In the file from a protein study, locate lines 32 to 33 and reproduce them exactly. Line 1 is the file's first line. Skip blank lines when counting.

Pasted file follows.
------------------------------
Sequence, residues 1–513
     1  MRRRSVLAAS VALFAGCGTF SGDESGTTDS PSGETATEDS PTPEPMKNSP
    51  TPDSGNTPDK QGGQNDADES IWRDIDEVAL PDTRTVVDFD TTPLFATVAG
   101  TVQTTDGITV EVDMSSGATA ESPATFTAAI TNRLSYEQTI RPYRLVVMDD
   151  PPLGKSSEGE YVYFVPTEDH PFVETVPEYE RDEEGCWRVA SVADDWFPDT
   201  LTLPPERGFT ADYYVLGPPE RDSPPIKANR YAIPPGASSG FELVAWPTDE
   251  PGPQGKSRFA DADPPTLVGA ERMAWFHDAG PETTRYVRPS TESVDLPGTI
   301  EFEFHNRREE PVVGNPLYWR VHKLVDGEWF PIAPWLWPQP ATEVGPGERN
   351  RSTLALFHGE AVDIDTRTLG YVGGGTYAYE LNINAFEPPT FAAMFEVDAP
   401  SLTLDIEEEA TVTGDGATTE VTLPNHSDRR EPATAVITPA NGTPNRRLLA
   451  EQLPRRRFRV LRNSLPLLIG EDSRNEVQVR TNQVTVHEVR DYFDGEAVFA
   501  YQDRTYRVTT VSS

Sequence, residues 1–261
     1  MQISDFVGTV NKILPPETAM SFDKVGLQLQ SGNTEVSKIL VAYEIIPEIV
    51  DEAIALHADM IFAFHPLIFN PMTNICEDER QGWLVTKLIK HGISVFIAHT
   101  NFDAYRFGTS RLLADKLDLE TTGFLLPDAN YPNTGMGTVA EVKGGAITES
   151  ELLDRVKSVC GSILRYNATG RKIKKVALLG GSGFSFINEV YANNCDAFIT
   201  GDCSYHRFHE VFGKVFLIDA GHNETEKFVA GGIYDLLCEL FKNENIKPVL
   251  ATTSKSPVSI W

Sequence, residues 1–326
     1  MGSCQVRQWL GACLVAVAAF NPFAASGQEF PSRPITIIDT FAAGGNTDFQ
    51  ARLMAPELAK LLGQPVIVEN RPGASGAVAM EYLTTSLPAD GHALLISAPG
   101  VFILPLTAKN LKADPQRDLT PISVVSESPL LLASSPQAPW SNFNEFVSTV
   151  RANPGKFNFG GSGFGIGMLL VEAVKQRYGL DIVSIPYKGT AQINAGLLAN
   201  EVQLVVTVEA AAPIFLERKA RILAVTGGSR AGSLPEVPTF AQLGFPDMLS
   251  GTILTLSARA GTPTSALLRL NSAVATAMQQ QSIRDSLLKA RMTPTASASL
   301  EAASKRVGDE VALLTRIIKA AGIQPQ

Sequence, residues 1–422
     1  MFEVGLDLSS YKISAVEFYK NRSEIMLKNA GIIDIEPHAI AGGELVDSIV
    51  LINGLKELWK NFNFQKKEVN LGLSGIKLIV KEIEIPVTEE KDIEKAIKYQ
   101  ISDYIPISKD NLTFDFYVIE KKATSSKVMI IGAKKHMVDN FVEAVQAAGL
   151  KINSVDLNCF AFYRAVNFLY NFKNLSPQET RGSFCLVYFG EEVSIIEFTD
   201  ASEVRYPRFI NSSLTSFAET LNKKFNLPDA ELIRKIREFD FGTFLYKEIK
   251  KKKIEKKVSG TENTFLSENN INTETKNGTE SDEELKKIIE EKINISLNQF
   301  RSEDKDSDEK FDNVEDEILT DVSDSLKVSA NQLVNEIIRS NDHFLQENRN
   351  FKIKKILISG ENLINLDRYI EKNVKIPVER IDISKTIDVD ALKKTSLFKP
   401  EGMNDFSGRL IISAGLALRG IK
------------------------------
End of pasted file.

   151  KINSVDLNCF AFYRAVNFLY NFKNLSPQET RGSFCLVYFG EEVSIIEFTD
   201  ASEVRYPRFI NSSLTSFAET LNKKFNLPDA ELIRKIREFD FGTFLYKEIK